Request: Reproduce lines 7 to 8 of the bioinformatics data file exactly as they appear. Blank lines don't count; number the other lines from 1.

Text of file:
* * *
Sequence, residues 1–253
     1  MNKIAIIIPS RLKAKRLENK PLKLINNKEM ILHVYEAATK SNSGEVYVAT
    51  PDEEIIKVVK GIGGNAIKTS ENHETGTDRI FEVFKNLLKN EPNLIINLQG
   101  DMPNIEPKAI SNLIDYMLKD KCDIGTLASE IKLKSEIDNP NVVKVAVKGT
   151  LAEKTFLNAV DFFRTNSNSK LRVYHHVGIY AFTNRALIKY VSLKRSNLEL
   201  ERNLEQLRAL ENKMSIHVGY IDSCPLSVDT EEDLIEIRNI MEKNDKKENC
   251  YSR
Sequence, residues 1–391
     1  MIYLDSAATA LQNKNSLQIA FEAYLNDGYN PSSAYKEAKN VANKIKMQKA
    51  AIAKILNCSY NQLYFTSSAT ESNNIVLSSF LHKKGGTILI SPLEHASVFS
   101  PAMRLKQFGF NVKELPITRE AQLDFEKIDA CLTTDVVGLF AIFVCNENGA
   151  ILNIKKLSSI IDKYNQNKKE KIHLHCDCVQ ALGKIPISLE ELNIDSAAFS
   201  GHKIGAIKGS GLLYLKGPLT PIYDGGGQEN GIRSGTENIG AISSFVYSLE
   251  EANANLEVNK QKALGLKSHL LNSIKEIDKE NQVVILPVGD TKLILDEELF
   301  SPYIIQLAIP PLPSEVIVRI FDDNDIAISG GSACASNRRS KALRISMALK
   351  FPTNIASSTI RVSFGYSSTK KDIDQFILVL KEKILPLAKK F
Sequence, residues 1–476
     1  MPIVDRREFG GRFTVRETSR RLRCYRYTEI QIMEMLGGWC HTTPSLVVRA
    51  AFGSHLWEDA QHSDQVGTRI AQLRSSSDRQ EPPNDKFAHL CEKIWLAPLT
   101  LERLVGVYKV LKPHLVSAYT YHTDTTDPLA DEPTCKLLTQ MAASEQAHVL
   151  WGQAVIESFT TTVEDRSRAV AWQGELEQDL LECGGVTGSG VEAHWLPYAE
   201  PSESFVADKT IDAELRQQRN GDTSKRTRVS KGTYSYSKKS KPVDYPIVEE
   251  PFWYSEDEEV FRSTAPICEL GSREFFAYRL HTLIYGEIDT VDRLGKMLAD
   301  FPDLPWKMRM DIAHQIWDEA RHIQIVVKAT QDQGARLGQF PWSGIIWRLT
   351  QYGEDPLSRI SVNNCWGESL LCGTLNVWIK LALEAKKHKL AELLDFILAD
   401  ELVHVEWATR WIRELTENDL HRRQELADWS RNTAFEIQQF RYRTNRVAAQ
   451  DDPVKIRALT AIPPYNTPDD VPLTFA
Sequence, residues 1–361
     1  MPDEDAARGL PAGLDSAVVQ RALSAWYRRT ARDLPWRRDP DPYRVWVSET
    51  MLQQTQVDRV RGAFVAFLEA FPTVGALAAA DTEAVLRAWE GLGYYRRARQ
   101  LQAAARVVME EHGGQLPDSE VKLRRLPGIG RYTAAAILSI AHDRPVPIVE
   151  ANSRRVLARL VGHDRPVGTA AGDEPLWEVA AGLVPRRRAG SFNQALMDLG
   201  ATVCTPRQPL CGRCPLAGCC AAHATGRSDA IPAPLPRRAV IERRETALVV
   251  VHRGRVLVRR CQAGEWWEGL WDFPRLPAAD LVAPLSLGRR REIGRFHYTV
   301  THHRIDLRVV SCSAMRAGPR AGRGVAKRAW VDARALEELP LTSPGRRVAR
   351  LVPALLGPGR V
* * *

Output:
   251  YSR
Sequence, residues 1–391